CAIRO: The new anti-terrorism law needs further examination and may not be presented to the Shoura Council and People’s Assembly during the upcoming parliamentary session, said Mufid Shehab, Minister of State for Legal Affairs and Parliamentary Councils in a statement.
According to the Middle East News Agency (MENA) Shehab said, “We want to present a law without any loopholes.
He added that the committee responsible for preparing the legislative agenda has been preoccupied with a number of other draft laws that are of higher priority.
Said draft laws include the nuclear energy law and the controversial media law, which is set to establish a national council regulating radio and television broadcasts.
The ministerial committee, headed by Shehab, has been working on the legislative agenda since the beginning of August to have it ready to present to the Shoura Council and the People’s Assembly (PA) at the upcoming parliamentary session scheduled to start in November.
The agenda includes at least six draft laws, according to MENA.
Shehab said in the statement that the committee will try to finish the draft law and present it before the parliamentary session is over. Mohamed Habib, deputy leader of the Muslim Brotherhood, said this will only hasten its discussion and approval by the PA.
At the same time, Habib did agree that the new anti-terrorism law has to be studied thoroughly and revised before being presented to the Shoura Council and PA.
All of the constitutional amendments approved in the national referendum in March 2007 should also be revised, he added, “because they place all the citizens and individuals in the country under suspicion and give the authorities more power over the people.
Analysts think it is too early to tell whether the contentious anti-terrorism law would be discussed at the upcoming parliamentary session.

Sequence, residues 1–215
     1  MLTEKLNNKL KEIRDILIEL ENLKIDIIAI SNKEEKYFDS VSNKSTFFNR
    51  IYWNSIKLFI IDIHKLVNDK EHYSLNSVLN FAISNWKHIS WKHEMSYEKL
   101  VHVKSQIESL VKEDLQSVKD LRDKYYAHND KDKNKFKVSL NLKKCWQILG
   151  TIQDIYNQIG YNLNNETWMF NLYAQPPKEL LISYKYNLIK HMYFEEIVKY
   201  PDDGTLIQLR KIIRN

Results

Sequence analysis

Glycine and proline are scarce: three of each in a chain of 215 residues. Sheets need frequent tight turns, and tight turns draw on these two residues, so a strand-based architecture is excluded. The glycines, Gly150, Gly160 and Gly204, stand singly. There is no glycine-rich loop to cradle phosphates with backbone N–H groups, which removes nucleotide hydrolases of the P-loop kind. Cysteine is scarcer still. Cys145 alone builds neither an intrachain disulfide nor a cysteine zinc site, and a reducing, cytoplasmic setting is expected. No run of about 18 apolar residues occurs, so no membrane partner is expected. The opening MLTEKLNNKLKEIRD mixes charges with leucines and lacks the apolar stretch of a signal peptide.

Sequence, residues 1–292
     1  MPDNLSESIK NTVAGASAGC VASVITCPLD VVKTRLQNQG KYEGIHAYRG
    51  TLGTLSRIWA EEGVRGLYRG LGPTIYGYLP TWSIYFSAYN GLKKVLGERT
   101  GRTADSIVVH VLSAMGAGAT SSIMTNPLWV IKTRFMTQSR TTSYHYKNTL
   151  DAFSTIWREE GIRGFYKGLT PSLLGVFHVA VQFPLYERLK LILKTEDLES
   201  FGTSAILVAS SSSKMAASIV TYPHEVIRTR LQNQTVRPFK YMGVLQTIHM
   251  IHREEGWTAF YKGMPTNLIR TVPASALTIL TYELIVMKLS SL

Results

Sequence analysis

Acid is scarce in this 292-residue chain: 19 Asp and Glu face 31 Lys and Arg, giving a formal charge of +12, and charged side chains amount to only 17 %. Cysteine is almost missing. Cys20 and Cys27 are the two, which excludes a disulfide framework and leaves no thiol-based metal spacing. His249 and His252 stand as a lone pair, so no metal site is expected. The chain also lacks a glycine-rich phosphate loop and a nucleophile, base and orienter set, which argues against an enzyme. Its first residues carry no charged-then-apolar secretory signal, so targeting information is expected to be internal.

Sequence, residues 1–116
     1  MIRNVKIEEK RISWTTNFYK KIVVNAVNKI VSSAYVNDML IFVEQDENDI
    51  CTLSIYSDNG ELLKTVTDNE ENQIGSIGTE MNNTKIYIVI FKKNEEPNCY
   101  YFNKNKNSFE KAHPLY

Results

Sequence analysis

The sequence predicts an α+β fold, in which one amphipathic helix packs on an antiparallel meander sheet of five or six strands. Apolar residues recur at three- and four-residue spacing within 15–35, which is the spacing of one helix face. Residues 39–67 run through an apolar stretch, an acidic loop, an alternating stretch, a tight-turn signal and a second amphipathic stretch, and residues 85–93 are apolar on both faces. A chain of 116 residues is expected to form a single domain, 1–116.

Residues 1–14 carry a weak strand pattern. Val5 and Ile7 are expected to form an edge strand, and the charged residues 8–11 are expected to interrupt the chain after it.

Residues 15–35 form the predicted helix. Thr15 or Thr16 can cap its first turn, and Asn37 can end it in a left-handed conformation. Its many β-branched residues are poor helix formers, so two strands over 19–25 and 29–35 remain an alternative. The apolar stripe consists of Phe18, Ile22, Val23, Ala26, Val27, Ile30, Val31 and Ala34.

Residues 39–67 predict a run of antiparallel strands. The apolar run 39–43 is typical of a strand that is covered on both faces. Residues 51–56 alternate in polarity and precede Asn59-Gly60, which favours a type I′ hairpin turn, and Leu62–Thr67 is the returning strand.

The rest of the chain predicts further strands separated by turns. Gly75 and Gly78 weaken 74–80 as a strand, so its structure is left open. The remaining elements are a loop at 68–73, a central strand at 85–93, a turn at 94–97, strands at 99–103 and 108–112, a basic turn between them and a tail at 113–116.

“This is way ahead of time, no one can determine right now what new laws will be discussed in the next session or whether they will have enough time to discuss them thoroughly, said Waheed Abdel Meguid from Al Ahram Center for Political and Strategic Studies.
The new anti-terrorism law is part of the constitutional amendments approved in the national referendum in March 2007. It has sparked controversy among opposition and human rights groups since Prime Minister Ahmed Nazif formed a committee responsible for drafting the law to combat terrorism back in March 2006.
The Egyptian Initiative for Personal Rights (EIPR) published a report citing seven risks the new anti-terrorism law poses on human rights, including the use of broad and vague language and definitions as well as excessive or impermissible derogations from human rights obligations.
EIPR said the law could also undermine the absolute prohibition against torture and ill-treatment, abusive arrest and detention policies; violate due process rights, and fair trial guarantees, restrict freedom of expression to criminalize incitement of terrorism and lead to arbitrary and unlawful interference with the right to privacy.
The postponement of the anti-terrorism law leaves the emergency law in place.
“Comparing the emergency law to the new anti-terrorism bill is like comparing Satan to the Devil: both are damned, said Habib, adding that this is due to the government’s lack of transparency and clarity as well as the ambiguity of the laws.